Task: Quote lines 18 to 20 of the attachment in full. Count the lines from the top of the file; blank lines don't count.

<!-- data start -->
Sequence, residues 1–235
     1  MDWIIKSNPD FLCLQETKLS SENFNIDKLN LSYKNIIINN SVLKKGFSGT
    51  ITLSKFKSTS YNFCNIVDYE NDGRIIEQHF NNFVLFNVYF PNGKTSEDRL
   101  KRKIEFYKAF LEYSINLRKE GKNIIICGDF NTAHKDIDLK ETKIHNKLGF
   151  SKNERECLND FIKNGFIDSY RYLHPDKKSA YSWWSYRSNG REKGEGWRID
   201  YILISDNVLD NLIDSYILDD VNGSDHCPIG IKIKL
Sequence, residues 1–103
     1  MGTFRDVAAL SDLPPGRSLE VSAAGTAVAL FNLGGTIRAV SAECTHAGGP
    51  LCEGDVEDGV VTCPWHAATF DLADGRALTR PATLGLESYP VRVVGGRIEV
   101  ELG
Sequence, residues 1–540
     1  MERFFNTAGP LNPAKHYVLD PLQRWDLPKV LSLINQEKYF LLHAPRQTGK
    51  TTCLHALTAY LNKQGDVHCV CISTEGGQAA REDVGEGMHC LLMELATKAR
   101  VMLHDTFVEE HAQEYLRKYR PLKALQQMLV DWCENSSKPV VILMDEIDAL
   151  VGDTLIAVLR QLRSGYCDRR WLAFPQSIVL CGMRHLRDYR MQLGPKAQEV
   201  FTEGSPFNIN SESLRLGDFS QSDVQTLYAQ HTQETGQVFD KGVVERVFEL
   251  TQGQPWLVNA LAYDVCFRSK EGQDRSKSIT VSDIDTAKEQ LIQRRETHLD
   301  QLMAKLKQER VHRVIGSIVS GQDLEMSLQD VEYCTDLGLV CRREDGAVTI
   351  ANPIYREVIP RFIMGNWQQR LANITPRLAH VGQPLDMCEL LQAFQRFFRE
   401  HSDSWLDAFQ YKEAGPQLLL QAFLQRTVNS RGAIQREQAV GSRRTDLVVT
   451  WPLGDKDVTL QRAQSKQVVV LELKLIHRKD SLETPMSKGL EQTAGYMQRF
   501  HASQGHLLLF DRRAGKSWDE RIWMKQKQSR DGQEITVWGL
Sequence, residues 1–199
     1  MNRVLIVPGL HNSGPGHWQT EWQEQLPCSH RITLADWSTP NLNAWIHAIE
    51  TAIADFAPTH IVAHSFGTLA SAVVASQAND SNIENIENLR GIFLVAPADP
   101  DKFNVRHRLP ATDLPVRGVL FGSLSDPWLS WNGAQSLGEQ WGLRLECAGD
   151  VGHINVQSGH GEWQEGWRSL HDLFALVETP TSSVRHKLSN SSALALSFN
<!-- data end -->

   301  QLMAKLKQER VHRVIGSIVS GQDLEMSLQD VEYCTDLGLV CRREDGAVTI
   351  ANPIYREVIP RFIMGNWQQR LANITPRLAH VGQPLDMCEL LQAFQRFFRE
   401  HSDSWLDAFQ YKEAGPQLLL QAFLQRTVNS RGAIQREQAV GSRRTDLVVT